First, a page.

The 26th Conference of the Parties to the United Nations Framework Convention on Climate Change (COP26) took place with strong commitments to fight against climate change. There were optimistic voices from the conference about getting closer to the ambitious goal of curbing temperature rise.
One of the important announcements at COP 26 was the commitment of the leaders of the countries to net-zero emissions, of which Thailand, Nepal, Nigeria, and Vietnam committed to bringing net zero emissions by the year 2050.
On November 1, in the speech at COP26, Prime Minister Pham Minh Chinh stated: “Although Vietnam is a developing country that has only just begun the process of industrialization over the past three decades, Vietnam is a country that has the advantage of renewable energy, will develop and implement measures to reduce greenhouse gas emissions strongly with its resources, along with the cooperation and support of the international community, especially developed countries, in term of both financial and technology transfer, including the implementation of mechanisms under the Paris Agreement, to achieve net-zero emissions by 2050”.
Following the announcement of Prime Minister Pham Minh Chinh, Vietnam has also officially committed to giving up coal-fired power. On November 4, Minister of Industry and Trade Nguyen Hong Dien and representatives of more than 40 other countries signed the Global Coal to Clean Power Transition declaration.
The international executive director of Greenpeace, Jennifer Morgan, said that the agreement mention of coal was a victory for this year’s conference. “There is a signal that the coal era is coming to an end. That’s the important thing”, she said.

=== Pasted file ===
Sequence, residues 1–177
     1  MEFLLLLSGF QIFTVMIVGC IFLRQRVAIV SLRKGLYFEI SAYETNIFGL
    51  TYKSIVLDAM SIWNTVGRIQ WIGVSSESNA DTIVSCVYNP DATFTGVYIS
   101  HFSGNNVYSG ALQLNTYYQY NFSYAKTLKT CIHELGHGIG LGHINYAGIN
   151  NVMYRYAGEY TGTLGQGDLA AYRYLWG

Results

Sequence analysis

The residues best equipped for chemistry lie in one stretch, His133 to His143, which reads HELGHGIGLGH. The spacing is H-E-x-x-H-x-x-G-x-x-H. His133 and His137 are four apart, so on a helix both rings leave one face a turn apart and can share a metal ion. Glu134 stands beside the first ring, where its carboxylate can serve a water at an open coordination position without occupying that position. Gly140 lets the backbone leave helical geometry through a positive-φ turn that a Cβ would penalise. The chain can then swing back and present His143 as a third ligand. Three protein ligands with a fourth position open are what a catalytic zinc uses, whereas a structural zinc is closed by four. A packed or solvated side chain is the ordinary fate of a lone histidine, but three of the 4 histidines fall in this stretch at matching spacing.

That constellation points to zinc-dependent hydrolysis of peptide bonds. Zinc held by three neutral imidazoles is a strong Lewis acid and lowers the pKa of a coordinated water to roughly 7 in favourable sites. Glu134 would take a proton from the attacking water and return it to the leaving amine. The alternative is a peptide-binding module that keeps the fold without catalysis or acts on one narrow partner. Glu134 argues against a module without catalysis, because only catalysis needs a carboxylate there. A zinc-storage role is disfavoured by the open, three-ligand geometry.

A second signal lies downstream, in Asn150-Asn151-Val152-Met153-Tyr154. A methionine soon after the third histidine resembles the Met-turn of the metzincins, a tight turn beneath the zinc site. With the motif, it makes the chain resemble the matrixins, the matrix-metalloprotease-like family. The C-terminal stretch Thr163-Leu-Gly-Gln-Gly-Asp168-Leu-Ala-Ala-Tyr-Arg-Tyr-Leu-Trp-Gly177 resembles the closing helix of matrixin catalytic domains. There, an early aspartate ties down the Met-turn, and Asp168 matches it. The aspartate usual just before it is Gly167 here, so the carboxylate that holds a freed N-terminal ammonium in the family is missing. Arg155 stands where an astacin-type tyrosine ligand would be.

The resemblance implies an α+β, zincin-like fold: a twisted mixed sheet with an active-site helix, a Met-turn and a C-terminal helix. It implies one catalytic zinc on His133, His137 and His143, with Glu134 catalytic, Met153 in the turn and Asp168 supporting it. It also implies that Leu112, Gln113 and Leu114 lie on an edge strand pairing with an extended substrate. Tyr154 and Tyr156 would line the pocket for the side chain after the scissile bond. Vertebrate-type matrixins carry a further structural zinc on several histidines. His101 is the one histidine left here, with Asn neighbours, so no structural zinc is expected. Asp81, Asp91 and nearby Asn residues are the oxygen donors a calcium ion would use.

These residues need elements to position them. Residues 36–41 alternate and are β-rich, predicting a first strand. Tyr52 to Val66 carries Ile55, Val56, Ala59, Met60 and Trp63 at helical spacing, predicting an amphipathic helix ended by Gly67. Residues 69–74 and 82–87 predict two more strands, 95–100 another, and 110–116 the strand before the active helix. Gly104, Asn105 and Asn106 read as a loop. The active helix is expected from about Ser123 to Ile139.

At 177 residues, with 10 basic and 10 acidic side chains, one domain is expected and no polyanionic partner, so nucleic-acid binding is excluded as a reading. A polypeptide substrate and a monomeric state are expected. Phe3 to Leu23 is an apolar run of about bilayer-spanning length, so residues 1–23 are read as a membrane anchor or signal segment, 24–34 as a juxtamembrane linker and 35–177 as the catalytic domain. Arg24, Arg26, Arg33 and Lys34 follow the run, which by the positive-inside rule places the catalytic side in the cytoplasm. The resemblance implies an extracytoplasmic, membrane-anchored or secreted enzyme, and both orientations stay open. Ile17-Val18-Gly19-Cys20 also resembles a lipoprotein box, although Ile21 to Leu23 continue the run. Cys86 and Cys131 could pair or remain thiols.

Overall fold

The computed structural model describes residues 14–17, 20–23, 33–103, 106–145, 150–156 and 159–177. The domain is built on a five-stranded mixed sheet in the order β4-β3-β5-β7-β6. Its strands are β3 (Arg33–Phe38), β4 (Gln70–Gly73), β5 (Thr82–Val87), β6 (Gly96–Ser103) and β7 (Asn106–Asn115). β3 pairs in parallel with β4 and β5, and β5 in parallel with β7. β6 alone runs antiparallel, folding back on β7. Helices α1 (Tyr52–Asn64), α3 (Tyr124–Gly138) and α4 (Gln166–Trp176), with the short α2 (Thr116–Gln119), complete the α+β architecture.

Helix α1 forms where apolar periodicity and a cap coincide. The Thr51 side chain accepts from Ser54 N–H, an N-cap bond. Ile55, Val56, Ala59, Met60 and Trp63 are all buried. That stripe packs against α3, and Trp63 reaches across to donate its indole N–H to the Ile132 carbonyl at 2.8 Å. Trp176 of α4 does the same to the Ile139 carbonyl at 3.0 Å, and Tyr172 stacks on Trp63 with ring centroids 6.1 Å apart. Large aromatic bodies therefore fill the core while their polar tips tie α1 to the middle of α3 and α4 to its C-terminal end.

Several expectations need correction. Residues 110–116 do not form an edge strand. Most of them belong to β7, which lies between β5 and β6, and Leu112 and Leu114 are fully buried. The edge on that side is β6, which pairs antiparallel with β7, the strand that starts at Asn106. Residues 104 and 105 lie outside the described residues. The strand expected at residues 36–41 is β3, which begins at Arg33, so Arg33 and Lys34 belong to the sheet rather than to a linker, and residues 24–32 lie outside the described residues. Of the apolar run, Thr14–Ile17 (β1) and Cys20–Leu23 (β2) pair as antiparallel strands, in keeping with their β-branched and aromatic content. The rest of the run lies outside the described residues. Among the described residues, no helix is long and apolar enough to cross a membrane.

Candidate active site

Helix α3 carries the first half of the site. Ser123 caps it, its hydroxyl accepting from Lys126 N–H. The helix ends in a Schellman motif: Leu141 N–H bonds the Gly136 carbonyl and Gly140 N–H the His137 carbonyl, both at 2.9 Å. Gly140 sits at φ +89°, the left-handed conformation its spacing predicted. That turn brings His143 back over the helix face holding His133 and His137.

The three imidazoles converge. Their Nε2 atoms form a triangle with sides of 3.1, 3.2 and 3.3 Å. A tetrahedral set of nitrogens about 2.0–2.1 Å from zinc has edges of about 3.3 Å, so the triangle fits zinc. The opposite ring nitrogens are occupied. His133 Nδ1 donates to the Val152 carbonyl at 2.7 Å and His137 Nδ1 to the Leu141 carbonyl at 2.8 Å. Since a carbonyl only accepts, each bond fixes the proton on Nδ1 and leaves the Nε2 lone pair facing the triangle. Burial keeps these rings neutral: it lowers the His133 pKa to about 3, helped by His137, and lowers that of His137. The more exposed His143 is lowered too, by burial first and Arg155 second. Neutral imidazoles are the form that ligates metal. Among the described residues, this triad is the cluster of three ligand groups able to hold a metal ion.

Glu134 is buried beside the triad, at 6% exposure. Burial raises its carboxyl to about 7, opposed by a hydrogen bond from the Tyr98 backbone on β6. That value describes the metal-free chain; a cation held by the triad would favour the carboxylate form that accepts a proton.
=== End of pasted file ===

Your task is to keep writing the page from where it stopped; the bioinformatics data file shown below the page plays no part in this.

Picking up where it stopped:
According to COP 26 President Alok Sharma, the end of coal is not far away: “I believe we are approaching a stage where dependence on coal for development will come to an end. A brighter future is closer than ever, a future of cleaner air, cheaper electricity, and greener.”
Despite the difficult assessments at pre-COP 26, there were optimistic voices about the world being able to move closer to the ambitious goal set on combating climate change.
The head of the International Energy Agency (IEA) Fatih Biro said that with the implementation of all the commitments made at the conference so far, the world could limit the temperature increase of the Earth to 1, 8 degrees Celsius. Although the target of keeping the global temperature increase at 1.5 degrees Celsius has not been reached, it shows that countries are getting closer to the target. According to calculations, emissions need to be reduced by about 45% by 2030 for the world to be able to control the Earth’s temperature to a maximum of 1.5 degrees Celsius by 2100 compared to the pre-industrial period.
After tensions and last-minute changes, representatives of 197 countries finally signed the Glasgow Climate Agreement at the COP26 conference in Scotland (England). Together, we hope for a better future from this treaty.